Upon remand, additional evidence was presented for the ALJ's consideration.

 On May 27, 1982 Maisch was examined by Dr. Harold Massoff ("Dr. Massoff"), a board certified consultative orthopedic surgeon. His physical examination revealed that Maisch had a deep tan from the waist up including the upper extremities and when the wrist support was removed from the left wrist there was no lightening of the tan. When Maisch sat over the side of the table he was able to extend his knees fully. Straight leg raising was positive at 60 degrees but when he flexed his hips he could to to 90 degrees. Left straight leg raising was positive at 60 degrees and an attempt to passively increase range of motion was met by resistance. Ankle jerks and knee jerks were bilateral and equal. he had a socklike hyperesthesia bilaterally from the ankles to the toes. he held his lumbar muscles tightly with firmness of the paraspinal musculature. There was limitation of range of motion of the lumbar spine. X-ray of the lumbosacral spine revealed narrowing of the L5-S1 interspace. Dr. Massoff's diagnosis was low back syndrome with possible radicular symptoms and some unphysiological findings of pain distribution and hyperesthesia. Dr. Massoff assessed Maisch's residual functional capacity and based upon this assessment in an eight hour work day Maisch could sit for six hours, stand and walk for two hours each, occasionally lift up to 20 pounds and occasionally carry up to 25 pounds. He could use his hands for repetitive actions bilaterally.

 The record contains an attending doctor's progress report to the Workers' Compensation Board by Dr. Kenneth Glass ("Dr. Glass"), an orthopedic surgeon. This report was dated April 1, 1981. Dr. Glass gave Maisch the diagnosis of cervical and lumbar sprain. He stated that Maisch was disabled as of the time of his report. He noted that Maisch was going for physical therapy and using a brace.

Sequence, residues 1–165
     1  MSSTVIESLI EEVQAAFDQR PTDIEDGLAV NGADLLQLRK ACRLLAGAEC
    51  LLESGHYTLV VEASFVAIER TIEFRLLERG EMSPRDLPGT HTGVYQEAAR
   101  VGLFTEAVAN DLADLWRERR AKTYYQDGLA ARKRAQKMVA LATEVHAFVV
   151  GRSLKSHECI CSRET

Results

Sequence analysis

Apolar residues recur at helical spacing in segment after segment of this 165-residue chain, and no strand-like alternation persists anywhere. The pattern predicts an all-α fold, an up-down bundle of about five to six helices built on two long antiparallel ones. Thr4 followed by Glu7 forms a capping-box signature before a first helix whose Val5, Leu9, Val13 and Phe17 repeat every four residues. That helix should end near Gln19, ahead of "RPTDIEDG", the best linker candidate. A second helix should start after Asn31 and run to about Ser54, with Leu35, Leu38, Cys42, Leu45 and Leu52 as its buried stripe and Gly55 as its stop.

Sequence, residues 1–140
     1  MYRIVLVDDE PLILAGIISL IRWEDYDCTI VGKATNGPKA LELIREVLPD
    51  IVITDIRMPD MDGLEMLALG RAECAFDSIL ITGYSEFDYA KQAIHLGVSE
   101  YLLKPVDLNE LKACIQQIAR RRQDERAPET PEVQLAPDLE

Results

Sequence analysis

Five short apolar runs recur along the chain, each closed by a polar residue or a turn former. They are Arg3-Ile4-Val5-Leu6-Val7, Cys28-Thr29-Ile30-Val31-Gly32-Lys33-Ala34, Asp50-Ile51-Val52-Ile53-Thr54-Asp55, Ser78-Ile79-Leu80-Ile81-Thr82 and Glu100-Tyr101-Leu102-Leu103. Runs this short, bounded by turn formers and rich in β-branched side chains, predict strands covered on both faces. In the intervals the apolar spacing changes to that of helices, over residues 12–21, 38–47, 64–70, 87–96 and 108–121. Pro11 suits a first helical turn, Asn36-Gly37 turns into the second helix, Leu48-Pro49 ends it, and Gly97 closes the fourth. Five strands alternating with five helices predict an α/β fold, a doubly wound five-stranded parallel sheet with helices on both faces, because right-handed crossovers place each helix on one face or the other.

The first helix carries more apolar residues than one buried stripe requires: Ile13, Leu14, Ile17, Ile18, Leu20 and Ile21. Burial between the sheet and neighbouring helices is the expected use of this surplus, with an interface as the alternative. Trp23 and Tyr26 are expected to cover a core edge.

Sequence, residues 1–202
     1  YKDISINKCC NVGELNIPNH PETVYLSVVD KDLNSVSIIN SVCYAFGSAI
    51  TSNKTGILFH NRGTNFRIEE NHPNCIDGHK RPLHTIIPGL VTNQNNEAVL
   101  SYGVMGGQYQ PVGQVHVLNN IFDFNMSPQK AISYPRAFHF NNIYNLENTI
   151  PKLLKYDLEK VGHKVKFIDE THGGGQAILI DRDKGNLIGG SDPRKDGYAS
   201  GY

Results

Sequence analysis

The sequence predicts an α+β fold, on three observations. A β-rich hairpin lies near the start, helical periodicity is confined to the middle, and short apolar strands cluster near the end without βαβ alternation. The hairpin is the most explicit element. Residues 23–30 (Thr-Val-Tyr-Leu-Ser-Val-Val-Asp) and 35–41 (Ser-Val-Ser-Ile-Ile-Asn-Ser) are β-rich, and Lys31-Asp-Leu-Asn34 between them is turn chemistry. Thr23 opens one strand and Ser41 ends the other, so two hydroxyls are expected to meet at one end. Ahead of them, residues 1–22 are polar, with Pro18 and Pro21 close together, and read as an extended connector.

On March 4, 1982 Maisch was examined by Dr. Justus Kaufman ("Dr. Kaufman"), an abdominal surgeon who had considerable experience as an orthopedic surgeon, at the request of his attorney. Physical examination revealed that he appeared in acute discomfort. he walked with a decided limp. Examination of the back revealed loss of the normal lumbar curve. Tenderness was present over the lower lumbar vertebra. Range of motion of the lumbar spine was markedly limited and he could not stand on his heels or toes. There was no atrophy of the thighs or calves. Straight leg raising was positive at 45 degrees bilaterally with positive Laseque and Patricks signs. There was weakness and extension of the big left toe present and bilaterally present Ely signs. Cervical spine revealed moderate restriction in all motions. Marked course tremors were present in both outstretched hands. Examination of the heart revealed tachycardia of 110 with elevated blood pressure at 150/104. There were narrowing arterioles in the fundi. Examination of the lower extremities revealed no pulsation in the right femoral artery and in the left dorsalis pedis. Dr. Kaufman's diagnosis was lumbar hypertrophic osteoarthritis associated with discogenic disease, hypertrophic osteoarthritis of the neck, diabetes, hypertension and arteriosclerosis obliterans involving the lower extremities associated with calcification of the abdominal aorta and its iliac branches. Dr. Kaufman opined that Maisch was totally disabled. In a subsequent report dated April 21, 1982 Dr. Kaufman noted that on March 26, 1972 Maisch sustained a fracture and subluxation of the navicular bone. Examination of the left upper extremity revealed a 25 percent restriction in dorsi and palmar flexion of the wrists. Tenderness was present over the navicular bone. Claimant had moderate weakness in hand grasps and tenderness over the tip of the thumb. X-ray of the left hand revealed an old fracture of the navicular bone with evidence of osteoporosis and arthritic changes in the ...